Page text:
Trump Points a Finger at the Obstacles to Peace in the Middle East

So who is to blame for the lack of peace in the Middle East?

Is it Palestine, the settlement of Arabic nomads, encroaching on lands owned by Israel and clamoring to take the Eastern portion of Jerusalem as their capitol?


Is it Israel, for continuing to build settlements on the West Bank, and for just being Jews in the Middle East?

If you listen to President Trump, it’s both of them.

In a recent interview, Trump was asked about the peace process in the Middle East (You know, that thing he said would be easier to work out than Obamacare).

“Right now, I would say the Palestinians are not looking to make peace, they are not looking to make peace. And I am not necessarily sure that Israel is looking to make peace. So we are just going to have to see what happens,” Trump told Israel Hayom.

“I think both sides will have to make hard compromises to reach a peace agreement,” the president said.

Israel has been making compromises for decades, but none of it has been enough.

They’re a tiny nation, surrounded by enemies, all breathing their destruction. This notion that if they just stop building settlements to house their people, peace will rain down on the region is the blindest of hope.

No, if Israel were to commit to building no more settlements today, tomorrow they’d still be fending off missiles fired at them from Gaza, or Syria. There would still be imams on Middle Eastern TV demanding that the Jews be driven into the sea.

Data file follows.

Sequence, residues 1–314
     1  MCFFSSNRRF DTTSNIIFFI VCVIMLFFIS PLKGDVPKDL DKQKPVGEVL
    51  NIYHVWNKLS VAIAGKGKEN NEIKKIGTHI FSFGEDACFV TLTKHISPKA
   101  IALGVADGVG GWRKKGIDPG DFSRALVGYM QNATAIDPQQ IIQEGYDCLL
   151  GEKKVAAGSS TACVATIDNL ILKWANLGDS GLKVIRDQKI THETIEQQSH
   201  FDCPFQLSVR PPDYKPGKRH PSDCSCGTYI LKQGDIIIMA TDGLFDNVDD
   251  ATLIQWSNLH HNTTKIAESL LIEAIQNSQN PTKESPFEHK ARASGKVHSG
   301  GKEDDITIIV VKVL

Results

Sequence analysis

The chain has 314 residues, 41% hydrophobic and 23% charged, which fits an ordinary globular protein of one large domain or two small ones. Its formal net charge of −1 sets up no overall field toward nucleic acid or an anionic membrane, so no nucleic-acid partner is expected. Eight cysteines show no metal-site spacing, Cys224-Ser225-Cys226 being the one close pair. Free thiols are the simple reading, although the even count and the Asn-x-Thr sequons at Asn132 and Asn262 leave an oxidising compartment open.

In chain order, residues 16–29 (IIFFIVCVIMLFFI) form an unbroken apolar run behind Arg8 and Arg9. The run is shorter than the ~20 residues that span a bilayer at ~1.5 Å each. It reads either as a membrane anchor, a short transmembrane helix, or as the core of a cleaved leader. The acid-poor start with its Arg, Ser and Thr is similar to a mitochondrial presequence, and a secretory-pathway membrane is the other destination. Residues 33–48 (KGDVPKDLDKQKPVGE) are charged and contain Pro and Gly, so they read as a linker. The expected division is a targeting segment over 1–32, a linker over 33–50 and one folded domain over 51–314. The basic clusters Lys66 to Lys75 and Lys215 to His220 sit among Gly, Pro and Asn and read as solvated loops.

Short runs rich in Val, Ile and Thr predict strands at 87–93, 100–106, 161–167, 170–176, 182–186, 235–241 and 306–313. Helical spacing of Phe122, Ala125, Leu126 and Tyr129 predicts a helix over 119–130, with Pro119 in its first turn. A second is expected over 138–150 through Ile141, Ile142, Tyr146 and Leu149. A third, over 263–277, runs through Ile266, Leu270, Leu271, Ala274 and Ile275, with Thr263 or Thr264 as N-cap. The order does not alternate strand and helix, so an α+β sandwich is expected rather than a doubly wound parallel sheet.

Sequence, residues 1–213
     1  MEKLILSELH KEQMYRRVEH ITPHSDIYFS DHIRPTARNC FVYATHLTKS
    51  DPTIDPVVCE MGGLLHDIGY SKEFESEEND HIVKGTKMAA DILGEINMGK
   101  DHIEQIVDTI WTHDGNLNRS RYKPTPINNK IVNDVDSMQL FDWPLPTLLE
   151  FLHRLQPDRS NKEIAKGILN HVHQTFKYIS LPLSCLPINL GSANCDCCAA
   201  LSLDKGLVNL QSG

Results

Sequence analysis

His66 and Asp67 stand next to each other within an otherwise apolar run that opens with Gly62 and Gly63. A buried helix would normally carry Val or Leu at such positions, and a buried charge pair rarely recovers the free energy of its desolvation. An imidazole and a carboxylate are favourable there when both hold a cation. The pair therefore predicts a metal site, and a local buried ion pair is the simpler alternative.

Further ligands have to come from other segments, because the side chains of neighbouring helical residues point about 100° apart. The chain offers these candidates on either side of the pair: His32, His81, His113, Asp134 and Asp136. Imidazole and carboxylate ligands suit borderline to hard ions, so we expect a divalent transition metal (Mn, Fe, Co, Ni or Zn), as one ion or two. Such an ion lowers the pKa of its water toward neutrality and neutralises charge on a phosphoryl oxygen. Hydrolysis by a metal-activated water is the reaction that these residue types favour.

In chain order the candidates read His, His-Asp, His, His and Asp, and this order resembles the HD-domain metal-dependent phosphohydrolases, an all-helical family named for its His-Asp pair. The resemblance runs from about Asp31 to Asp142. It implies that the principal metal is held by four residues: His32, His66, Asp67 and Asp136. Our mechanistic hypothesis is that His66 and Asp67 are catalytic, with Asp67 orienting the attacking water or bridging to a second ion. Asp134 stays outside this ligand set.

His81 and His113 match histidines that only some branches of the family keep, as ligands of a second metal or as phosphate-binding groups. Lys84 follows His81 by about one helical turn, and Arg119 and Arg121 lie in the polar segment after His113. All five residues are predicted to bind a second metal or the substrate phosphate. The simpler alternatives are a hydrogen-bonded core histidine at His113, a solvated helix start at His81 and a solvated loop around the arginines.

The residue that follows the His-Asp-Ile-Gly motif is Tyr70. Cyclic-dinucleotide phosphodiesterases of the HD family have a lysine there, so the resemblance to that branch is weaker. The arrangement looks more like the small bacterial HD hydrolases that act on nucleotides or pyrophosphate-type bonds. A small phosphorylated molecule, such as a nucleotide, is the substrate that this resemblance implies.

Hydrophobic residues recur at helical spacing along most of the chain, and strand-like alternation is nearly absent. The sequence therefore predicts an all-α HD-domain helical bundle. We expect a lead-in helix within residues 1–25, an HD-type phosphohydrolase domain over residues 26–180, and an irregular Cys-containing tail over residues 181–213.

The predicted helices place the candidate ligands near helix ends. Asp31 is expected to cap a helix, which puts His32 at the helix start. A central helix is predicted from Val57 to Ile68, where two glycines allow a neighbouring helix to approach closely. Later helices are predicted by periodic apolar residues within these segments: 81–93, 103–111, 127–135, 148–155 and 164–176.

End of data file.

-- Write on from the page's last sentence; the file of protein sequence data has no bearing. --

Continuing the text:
They would still be the “little Satan” and the United States would still be the “Great Satan.”

The most fundamental misunderstanding about the relationship between Israel and the rest of the Middle East is that it is just a land dispute. It’s not. That’s certainly part of it, as many consider the resettlement of Jews, then the declaration of Israel as a state in May 1948 an act of war. It was the first Jewish state in 2,000 years, and it held far more than simply political significance. The U.S. played a big part in that. Eleven minutes after Jewish Agency Chairman David Ben-Gurion declared the state of Israel, President Harry Truman signed a letter of recognition, giving support to a new nation for a hated people.


That’s what Trump and every other American politician before him ignores.

Trump recently suggested that aid to Palestine would be withheld, should they choose not to return to peace talks with Israel.

I imagine the bipolar nature of the Trump policy has them reeling. Last year, the administration signed off on increased aid, but now he’s talking about taking it all away, unless they agree to talks with Israel.

He’s just throwing things against the wall, to see what sticks.


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